Voices for Food

Most of us are used to grocery stores filled with aisle after aisle of healthy and not-so-healthy food choices.
So it may come as a surprise that “food deserts” — communities located more than 10 miles from a supermarket or other source of fresh, healthy and affordable food — exist in the United States. That’s also the case in more than half of South Dakota’s counties.p04-food-nci-vol-2399-300SB

Voices for Food, is a six-state, federally funded research project that will seek community-based strategies to increase the availability of and access to nutritious food in isolated communities.
“Millions of American households lack the resources to access sufficient food, and many of those, including our children, may go hungry at least once this year,” said Agriculture Deputy Secretary Kathleen Merrigan, who announced the $4 million, five-year grant at an SDSU press conference Feb. 27.

Proposal called ‘best of crop’

The $4 million Voices for Food grant is packaged with $75 million in research grants and outreach activities that were awarded to 21 universities.
“I could go anywhere in the countryside to make our announcement,” but Merrigan said she came to South Dakota because of the importance of the research that the grant will fund.

In explaining the reason for funding the SDSU-led proposal, Merrigan said,  “(It’s selection) was because it was the best of the crop, the cream of the crop, it was competitive. This is something the university should be celebrating, top-notch work.”

College of Agriculture and Biological Sciences Dean Barry Dunn looks on as Agriculture Deputy Secretary Kathleen Merrigan announces the $4 million, five-year grant at an SDSU press conference Feb. 27.

College of Agriculture and Biological Sciences Dean Barry Dunn looks on as Agriculture Deputy Secretary Kathleen Merrigan announces the $4 million, five-year grant at an SDSU press conference Feb. 27.

The project funding will be divided among university researchers at Michigan State, Purdue, Nebraska, Missouri and Ohio State, with SDSU as the lead institution. Suzanne Stluka, Food and Families Program director with SDSU Extension, took the lead and is principal investigator.

A majority of the specialists working with Voices for Food are SDSU Extension employees, Stluka says.

The focus of the grant is to develop and implement sustainable solutions that will offer healthy food choices in these communities. Food policy councils will be formed and play a key role to “identify solutions so everyone can have access to affordable and nutritious food,” Barry Dunn, dean of the College of Agriculture and Biological Sciences, said at the press conference.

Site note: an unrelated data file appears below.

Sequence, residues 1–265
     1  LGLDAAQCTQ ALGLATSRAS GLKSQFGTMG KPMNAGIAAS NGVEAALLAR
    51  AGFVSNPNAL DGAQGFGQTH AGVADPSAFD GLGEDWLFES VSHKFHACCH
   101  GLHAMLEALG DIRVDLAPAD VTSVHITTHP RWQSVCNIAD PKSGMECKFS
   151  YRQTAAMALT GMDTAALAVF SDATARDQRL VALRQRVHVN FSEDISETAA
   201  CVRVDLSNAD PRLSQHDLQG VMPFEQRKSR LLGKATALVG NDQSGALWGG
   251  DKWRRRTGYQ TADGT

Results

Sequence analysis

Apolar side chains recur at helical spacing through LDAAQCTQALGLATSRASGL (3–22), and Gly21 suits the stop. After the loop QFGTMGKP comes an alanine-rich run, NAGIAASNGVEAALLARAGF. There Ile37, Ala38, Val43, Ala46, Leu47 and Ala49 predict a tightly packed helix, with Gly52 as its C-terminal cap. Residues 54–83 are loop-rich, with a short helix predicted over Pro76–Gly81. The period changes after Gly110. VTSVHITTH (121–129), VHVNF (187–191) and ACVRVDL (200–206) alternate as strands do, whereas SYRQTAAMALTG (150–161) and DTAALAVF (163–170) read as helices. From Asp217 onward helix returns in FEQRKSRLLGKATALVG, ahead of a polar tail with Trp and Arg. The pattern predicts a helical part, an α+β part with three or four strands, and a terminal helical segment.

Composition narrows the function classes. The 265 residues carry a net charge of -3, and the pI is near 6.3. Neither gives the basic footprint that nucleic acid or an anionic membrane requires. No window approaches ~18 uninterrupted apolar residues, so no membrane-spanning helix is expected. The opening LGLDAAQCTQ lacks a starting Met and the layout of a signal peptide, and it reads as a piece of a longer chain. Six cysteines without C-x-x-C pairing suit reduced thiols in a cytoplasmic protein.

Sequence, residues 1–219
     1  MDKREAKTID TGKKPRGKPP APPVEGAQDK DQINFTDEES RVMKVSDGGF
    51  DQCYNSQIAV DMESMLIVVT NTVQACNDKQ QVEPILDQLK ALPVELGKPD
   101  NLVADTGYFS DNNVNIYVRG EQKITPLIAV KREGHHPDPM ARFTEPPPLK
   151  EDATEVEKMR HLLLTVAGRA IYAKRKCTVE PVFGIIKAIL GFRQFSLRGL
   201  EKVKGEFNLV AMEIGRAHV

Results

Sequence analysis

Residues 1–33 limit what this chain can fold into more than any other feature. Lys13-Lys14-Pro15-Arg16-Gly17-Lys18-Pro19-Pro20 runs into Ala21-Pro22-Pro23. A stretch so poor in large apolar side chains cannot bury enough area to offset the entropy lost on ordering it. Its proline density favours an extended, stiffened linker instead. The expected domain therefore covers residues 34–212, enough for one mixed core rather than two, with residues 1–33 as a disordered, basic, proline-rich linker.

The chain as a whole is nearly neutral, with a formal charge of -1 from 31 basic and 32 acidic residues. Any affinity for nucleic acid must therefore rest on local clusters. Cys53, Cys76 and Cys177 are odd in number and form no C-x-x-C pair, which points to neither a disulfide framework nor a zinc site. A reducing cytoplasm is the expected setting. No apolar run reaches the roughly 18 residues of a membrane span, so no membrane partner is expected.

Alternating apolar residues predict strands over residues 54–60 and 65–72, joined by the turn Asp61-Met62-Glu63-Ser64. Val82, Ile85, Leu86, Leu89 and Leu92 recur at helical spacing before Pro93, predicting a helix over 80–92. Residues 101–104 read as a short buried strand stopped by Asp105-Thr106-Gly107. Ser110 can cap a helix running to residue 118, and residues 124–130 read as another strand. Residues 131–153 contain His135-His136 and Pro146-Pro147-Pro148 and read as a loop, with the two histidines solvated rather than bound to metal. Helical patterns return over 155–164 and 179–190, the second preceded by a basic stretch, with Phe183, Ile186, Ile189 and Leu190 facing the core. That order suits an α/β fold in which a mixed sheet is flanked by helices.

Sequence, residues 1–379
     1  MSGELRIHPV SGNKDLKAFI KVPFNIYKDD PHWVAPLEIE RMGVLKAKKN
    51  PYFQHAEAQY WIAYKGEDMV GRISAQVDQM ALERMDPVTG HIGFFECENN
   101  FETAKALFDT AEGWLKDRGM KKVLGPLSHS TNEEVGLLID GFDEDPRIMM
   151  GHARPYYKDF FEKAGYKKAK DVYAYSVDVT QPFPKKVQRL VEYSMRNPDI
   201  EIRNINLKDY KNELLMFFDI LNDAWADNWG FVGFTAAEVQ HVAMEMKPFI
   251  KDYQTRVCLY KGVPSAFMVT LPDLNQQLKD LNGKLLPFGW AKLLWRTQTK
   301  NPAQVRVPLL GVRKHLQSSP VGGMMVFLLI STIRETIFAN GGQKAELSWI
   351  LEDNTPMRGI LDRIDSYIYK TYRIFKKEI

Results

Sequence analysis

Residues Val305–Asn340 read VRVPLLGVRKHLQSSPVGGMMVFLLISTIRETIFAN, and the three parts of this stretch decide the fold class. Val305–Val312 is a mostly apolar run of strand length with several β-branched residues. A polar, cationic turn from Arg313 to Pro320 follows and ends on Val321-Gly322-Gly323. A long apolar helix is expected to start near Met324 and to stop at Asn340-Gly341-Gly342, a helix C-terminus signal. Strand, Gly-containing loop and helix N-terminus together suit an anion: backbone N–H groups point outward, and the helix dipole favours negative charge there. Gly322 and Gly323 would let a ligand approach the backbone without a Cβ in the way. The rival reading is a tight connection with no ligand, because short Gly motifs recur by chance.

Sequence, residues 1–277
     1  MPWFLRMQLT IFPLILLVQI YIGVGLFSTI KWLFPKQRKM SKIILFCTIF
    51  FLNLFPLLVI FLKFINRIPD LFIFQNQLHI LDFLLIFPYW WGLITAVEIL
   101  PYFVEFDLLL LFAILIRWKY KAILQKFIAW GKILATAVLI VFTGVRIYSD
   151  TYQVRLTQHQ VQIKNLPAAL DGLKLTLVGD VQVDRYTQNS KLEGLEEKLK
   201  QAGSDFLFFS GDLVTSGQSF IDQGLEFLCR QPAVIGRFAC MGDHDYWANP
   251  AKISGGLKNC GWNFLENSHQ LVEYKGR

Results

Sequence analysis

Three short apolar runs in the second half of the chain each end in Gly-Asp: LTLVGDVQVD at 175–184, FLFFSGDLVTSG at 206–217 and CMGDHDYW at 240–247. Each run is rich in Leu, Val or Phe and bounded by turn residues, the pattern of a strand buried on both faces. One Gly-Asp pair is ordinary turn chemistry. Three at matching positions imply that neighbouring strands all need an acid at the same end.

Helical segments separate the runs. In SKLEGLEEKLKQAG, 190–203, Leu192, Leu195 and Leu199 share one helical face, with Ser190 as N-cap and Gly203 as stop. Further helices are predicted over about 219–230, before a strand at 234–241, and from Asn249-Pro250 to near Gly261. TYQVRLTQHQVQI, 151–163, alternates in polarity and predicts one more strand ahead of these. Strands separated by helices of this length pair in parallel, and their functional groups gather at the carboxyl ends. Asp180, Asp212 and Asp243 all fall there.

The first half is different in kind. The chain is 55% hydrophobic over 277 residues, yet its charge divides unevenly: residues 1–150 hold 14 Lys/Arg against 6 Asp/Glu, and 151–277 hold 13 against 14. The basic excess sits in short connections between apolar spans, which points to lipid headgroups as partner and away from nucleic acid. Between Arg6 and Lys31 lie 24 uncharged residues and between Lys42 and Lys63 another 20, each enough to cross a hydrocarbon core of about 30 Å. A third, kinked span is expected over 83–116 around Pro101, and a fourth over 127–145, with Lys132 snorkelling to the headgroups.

Researchers at each university will select two communities in their states this fall and begin work with them in January 2014.
Stluka says the results of the process will be collected in a “tool kit” that can be used in other rural communities once the grant project is complete.

Four years to work with communities

Stluka says the goal in 2014 will be to establish the food policy councils, whose purpose is to increase healthy food access to their communities.

“We’re trying to bring key people to the table,” including farmers, school administrators, business owners and tribal members, she explains.

Years three and four (2015-16) will focus on helping food policy councils advance their initiatives.

The final year will focus on implementing a withdrawal strategy. “Our whole idea is that they will be sustainable,” Stluka says. Each state will have a project coordinator and SDSU Extension will locate that position in Mitchell.

SDSU Extension wants to have the resources of a community food policy field specialist available long term, and this grant will provide a jump-start toward that, Stluka says.

Aiming at a bigger target

What makes Voices for Food unique is the rural food policy councils, a new concept in the nation, according to Stluka.

“We’re doing more than educating the individual. Our goal is to work with the residents of rural communities to understand what they see as opportunities to increase food access. If you want to make a bigger impact, you’ve got to work with the community. This will open the door for us to work in a bigger area,” says Stluka, a 2004 SDSU graduate.

She says the success of the program will be measured throughout. Consumer response will be paramount.

Asked if the $4 million would be better spent simply buying healthy food for people in isolated communities, Stluka says, “There have been nutritional assistance programs in the United States that have done that for many years and that continues to be important.

“But we’re here to transition people beyond that, beyond just giving them food.”

Career spent in food access

During Stluka’s seven-year career with SDSU Extension, her work has been in food access. “I conduct this work almost every day in almost everything I do. I am passionate about it,” she says.

Writing the proposal was a five-month project that culminated in a summer 2012 approval by USDA.

Due in part to budget wrangling in Washington, D.C., it was six months before the public announcement was made. When the grant was announced, USDA and the university made the most of the opportunity.

Dave Graves

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